Helen's Birds

Helen's Birds

Written by: Cassidy, Sara
Illustrated by: Casson, Sophie
ages 6 to 9 / grades 1 to 4

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From Sara Cassidy, acclaimed author of A Boy Named Queen, comes a stunning wordless graphic novel about friendship, loss and hope.

For as long as Saanvi can remember, she has been friends with her elderly neighbor Helen. They play cards and garden together and, especially, care for the wild birds that visit Helen’s yard. When Helen dies suddenly, a “For Sale” sign goes up, and movers arrive, emptying the house of its furniture and stripping the yard of its birdfeeders. The sparrows and hummingbirds disappear.

Soon a bulldozer tears down Helen’s house. All winter, Saanvi walks numbly past the property as developers begin to build condos. Then one spring day, amid the dust and turmoil of construction, she finds a weathered playing card wedged between two rocks. She holds it to her chest, and finally sobs.

After a tearful night, Saanvi wakes inspired. She slathers peanut butter on pinecones to hang from tree branches, hammers together a birdhouse from scrap wood and drags a kitchen stool outside to hold a bowl of water. Finally, she retrieves a nest that has been unraveling on Helen’s old property and places it in a tree in her own yard. Saanvi’s yard soon fills with Helen’s birds. They have a home again.

This beautifully illustrated, wordless graphic novel shows Saanvi’s journey through close friendship, then hollowing loss and change, until she finally finds hope.

Correlates to the Common Core State Standards in English Language Arts:

CCSS.ELA-LITERACY.RL.4.1
Refer to details and examples in a text when explaining what the text says explicitly and when drawing inferences from the text.

From Sara Cassidy, acclaimed author of A Boy Named Queen, comes a stunning wordless graphic novel about friendship, loss and hope.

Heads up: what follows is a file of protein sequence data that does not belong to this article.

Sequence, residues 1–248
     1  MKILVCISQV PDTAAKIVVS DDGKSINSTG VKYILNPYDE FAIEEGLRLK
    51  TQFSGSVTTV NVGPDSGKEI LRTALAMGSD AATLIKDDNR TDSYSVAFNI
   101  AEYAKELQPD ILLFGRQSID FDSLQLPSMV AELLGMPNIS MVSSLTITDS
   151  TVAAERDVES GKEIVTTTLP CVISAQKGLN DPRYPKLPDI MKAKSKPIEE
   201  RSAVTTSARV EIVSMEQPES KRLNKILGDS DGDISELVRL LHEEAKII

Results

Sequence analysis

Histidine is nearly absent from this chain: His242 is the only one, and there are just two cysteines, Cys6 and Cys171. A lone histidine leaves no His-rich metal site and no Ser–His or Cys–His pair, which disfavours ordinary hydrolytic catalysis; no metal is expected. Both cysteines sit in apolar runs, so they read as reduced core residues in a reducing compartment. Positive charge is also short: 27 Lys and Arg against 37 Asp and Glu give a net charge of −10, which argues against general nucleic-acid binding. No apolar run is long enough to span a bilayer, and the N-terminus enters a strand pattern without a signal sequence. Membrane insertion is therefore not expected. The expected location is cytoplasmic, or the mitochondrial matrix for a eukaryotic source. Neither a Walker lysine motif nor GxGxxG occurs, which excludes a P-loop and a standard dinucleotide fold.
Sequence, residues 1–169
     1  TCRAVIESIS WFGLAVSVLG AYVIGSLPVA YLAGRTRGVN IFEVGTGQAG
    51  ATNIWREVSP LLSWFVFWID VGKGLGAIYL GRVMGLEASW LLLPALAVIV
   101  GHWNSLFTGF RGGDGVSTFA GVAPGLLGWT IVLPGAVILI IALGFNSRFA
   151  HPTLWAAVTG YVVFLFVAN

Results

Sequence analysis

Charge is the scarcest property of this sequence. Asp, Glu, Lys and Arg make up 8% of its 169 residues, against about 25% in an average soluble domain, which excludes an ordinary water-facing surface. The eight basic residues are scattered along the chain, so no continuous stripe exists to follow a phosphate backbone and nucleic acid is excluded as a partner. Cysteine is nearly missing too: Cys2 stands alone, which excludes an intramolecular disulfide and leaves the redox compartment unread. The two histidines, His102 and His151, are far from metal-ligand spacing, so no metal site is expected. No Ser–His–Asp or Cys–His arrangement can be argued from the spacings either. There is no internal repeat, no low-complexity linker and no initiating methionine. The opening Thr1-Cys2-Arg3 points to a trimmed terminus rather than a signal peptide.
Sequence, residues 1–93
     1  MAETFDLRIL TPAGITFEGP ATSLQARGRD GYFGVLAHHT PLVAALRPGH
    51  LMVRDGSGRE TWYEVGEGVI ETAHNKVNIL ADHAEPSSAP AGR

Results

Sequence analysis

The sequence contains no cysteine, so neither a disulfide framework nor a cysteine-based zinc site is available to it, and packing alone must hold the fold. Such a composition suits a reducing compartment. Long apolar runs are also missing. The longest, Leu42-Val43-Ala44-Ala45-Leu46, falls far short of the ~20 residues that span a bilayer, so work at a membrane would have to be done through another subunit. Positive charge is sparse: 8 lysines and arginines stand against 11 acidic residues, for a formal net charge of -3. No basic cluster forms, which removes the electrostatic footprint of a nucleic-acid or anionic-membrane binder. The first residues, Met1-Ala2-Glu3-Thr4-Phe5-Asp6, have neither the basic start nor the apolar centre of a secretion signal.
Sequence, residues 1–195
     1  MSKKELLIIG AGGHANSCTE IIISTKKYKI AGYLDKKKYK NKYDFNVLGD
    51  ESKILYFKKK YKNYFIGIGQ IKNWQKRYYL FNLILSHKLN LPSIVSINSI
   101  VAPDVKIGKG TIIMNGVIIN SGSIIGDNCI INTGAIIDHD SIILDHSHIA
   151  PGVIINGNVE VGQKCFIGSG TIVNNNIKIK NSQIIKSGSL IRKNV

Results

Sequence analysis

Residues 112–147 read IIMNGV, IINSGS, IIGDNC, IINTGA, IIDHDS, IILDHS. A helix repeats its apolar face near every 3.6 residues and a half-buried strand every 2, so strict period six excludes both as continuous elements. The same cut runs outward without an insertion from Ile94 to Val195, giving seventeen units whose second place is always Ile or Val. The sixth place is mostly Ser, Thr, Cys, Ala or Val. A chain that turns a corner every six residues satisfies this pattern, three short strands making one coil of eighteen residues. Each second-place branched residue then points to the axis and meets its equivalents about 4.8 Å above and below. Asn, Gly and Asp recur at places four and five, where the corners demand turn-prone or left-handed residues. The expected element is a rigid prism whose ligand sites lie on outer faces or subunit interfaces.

For as long as Saanvi can remember, she has been friends with her elderly neighbor Helen. They play cards and garden together and, especially, care for the wild birds that visit Helen’s yard. When Helen dies suddenly, a “For Sale” sign goes up, and movers arrive, emptying the house of its furniture and stripping the yard of its birdfeeders. The sparrows and hummingbirds disappear.

Soon a bulldozer tears down Helen’s house. All winter, Saanvi walks numbly past the property as developers begin to build condos. Then one spring day, amid the dust and turmoil of construction, she finds a weathered playing card wedged between two rocks. She holds it to her chest, and finally sobs.

After a tearful night, Saanvi wakes inspired. She slathers peanut butter on pinecones to hang from tree branches, hammers together a birdhouse from scrap wood and drags a kitchen stool outside to hold a bowl of water. Finally, she retrieves a nest that has been unraveling on Helen’s old property and places it in a tree in her own yard. Saanvi’s yard soon fills with Helen’s birds. They have a home again.

This beautifully illustrated, wordless graphic novel shows Saanvi’s journey through close friendship, then hollowing loss and change, until she finally finds hope.